Nandini Sharma says, “Our pet pug, Cooper, seems distressed whenever we step out of the house for something. Now that he is over seven months old and very comfortable in the entire house we thought we could leave him home for a few minutes. But the last three four times we did that we have come back to notice behavioural issues. Our canine therapist said he was suffering from separation distress.”
Experts say that separation distress or separation anxiety in pets is real, especially in pandemic puppies. When left home for some time they exhibit extreme stress with symptoms that can vary. Usually the pet acts as if he’s terrified to be in the house on his own.
Animal behaviourist, Varuna Kaur, says, “For many dogs it has been absolutely fantastic that their owners are finally spending so much quality time with them, but at the same time, we need to realise that the lockdown and WFH is definitely going to come to an end at some point, and when it does, our dogs are going to suffer the most. It is very important to balance our time and take the advice of a dog behaviorist on how to deal with this unusual situation.”
Shirin Merchant, canine behaviourist and trainer who has worked with pets for many years, feels that there are quite a few tips that one could follow in order to deal with their pet’s separation anxiety.
Tips to keep in mind:
- Don’t allow your dog to follow you from room to room. If your dog has constant access to you, he won’t know how to be by himself. So, its ok to go into a room and ask your dog to wait outside sometimes.
- You should not be clingy to your dog. Don’t constantly keep talking to your dog or being with him. Even when your dog is around you, ignore him and quietly do your own thing. You do not need to keep interacting. Mentally separating will be very helpful. You cannot separate a dog’s behaviour from the pet parent’s behaviour. With a clingy dog, there is often a clingy owner. Detach mentally, keep yourself occupied with other activities which don’t include your dog like painting or cooking, dancing, anything.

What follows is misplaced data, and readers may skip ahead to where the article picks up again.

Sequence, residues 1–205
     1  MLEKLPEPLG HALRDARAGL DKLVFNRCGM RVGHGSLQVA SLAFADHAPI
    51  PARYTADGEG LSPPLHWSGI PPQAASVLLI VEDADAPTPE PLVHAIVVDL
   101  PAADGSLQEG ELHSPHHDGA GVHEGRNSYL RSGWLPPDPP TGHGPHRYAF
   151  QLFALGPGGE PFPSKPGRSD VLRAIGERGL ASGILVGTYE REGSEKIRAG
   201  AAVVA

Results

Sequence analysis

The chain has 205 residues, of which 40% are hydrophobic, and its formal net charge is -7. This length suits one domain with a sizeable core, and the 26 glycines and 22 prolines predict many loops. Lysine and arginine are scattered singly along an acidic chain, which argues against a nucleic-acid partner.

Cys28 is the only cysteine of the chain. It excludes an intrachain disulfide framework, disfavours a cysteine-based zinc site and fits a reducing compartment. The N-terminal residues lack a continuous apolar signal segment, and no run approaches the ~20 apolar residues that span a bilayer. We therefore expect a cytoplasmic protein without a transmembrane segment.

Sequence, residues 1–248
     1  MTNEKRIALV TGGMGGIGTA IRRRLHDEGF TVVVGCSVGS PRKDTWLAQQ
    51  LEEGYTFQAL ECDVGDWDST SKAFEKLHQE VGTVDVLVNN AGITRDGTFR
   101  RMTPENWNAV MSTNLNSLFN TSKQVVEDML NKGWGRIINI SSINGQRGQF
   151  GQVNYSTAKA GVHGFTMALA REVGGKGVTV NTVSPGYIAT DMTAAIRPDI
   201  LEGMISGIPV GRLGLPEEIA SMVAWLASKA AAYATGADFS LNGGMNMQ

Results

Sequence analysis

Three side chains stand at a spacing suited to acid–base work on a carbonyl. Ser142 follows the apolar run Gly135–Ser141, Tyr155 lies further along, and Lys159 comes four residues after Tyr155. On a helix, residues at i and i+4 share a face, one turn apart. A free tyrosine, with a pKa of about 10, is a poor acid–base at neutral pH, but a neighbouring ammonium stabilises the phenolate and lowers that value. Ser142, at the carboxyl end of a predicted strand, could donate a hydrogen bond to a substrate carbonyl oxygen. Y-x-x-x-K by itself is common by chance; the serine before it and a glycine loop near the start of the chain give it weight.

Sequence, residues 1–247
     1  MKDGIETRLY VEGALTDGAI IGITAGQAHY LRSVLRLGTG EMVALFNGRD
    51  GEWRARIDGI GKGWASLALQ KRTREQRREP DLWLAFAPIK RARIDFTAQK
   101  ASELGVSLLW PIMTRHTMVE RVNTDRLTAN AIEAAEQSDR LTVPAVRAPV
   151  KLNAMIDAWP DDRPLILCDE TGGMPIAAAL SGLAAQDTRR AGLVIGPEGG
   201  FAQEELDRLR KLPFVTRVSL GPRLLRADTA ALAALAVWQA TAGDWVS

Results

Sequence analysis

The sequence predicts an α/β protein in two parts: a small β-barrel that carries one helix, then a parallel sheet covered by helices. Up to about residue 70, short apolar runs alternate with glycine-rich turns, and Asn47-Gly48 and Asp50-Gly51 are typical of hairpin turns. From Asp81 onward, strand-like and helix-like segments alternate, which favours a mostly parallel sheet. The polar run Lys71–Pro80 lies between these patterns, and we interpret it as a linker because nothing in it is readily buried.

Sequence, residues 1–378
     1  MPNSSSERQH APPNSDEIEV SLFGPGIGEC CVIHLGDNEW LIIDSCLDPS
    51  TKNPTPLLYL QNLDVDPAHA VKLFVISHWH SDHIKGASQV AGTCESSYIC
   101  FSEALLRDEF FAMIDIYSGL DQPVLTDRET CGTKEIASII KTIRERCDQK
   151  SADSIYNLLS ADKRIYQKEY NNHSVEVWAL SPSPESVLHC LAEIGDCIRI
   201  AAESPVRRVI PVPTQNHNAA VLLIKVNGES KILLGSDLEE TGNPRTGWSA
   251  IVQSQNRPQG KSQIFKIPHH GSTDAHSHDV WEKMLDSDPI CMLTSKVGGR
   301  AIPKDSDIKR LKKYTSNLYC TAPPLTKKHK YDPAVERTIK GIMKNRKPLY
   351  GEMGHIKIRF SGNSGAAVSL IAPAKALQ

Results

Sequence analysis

- Ensure there are a few hours every day, where he gets to be by himself and rests or occupies his mind creatively at this time. Alone time is good for your dog and for you. It can rest his mind, help him enjoy his own company. It can be overwhelming to constantly be around others. Alone time can help us settle our thoughts, ground us.
- Spend your time with your dog in a positive creative way. It’s not the quantity that matters, but the quality. Play games, do training, engage in good ways. Do not play or engage all the time just because you have the time.
- Teach your dog to go to a designated place and relax. Practice a go to bed command. And slowly increase the time the dog stays there. You can eventually progress to asking your dog to stay there and going out of sight for short periods. Make sure your dog is happy by himself all through.
- Learn to read signs of stress. It’s very important that you know when your dog is getting anxious and when he is calm.
- Reduce general levels of stress. We all know stress contributes and exacerbates underlying issues. A stressed dog when left alone is far more likely to become anxious. Learn the indicators of stress
- Build confidence in your dog. Scenting games, fun training using positive methods, play tug. Confident dogs tend to be more secure about being alone.
- Understand that your dog’s difficult behaviour is not deliberate, and that punishment is ineffective, inappropriate, and will only exacerbate the behavior.
End of the article
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